The idea for this blog started during the Faculty Conference when a native English speaking faculty member innocently asked if one could recommend the English Language Support for Faculty Program to a colleague without offending him. This began a two-month investigation in which the approximately 20 participants in the program were asked their feelings on this topic. The questions included were how they would feel about someone recommending this program and how comfortable they were with having colleagues correcting their English. There are no definitive answers but hopefully this will encourage some dialogue among faculty members.
There were two things that the program participants all agreed on. Not one of them felt that a colleague should recommend that they go in to the English Language Support for Faculty Program. The reasons were varied but most of them felt that making such a suggestion crosses a professional line. Whether or not they choose to attend the program is a personal decision. One fascinating comment was that it was okay for someone already in the program to recommend it as they would be “admitting” that they have or had the same need. Therefore, the decision to recommend does not come across as judgmental but one of common interest. The other common opinion was that none of them would feel comfortable with students correcting their English.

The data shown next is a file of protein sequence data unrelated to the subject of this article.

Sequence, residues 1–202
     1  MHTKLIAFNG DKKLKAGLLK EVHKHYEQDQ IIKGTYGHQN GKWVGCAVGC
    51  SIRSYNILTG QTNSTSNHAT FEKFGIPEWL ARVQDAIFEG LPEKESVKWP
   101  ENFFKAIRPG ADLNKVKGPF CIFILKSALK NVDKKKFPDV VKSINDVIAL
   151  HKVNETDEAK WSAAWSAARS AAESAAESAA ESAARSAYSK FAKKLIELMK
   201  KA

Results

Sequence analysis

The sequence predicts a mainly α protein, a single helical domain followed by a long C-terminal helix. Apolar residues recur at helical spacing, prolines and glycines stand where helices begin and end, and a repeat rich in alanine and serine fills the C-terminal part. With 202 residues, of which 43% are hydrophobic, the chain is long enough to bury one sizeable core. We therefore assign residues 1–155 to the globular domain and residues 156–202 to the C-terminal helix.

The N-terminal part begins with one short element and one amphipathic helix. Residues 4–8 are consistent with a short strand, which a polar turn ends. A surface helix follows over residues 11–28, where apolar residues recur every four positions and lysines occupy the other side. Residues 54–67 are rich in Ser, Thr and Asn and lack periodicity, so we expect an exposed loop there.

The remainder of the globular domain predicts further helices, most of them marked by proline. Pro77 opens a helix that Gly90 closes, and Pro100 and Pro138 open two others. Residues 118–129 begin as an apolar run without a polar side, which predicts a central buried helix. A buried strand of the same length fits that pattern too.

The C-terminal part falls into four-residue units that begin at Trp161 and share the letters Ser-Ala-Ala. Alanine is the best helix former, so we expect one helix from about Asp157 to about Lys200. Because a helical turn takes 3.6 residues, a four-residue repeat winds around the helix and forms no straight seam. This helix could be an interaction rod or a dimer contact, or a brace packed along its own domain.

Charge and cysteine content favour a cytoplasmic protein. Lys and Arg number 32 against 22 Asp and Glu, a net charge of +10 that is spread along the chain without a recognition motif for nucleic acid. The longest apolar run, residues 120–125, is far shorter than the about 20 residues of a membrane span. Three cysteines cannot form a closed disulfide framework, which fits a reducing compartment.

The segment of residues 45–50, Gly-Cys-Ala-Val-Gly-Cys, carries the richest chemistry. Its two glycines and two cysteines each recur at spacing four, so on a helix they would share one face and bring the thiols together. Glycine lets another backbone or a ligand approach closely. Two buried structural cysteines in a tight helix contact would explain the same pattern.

This leads to the question of colleagues correcting their English. On this question, they were split. There were a few that were not open to corrections under any circumstances. In their opinion, this would cross the implicit boundaries of an academic relationship. Instead of being colleagues, a new relationship might develop potentially causing the non-native speaker to feel uneasy. Some considered it to be fine or even welcomed for a colleague to correct errors. However, in these circumstances, the native speaker must be careful where and when to make the correction. It should be done in private not in front of others. On the flip side, native speakers are often nervous to make such corrections for fear of offending their colleague. This is where the non-native speaker has to reach out to his or her colleagues and ask them for assistance. One thing I have found to be effective is to use a phrase that has been incorrectly used and re-state it in the correct form at a different point in the conversation. Usually the person who used it incorrectly is paying attention and will remember it for future reference.
On a personal note, some of the professors in the program have said that their colleagues have tried to convince them to not attend this program or, if a non-native speaker tries to reach out for help, the native speaker’s reply is often that his or her colleague has strong English. While the intention is kind-hearted, please remember that, even though your colleague is strong in English, he or she feels a need to improve it. It could be that they don’t know the difference between certain sounds or are uncomfortable using certain phrases. Getting this help would make them feel better and potentially further their academic career.
There is no one fool-proof answer. The answers lie in the relationships that are cultivated in the faculty offices. In the meantime, the doors to those who feel they might need assistance are wide open.
English Language Support for Faculty
Learning and Teaching Office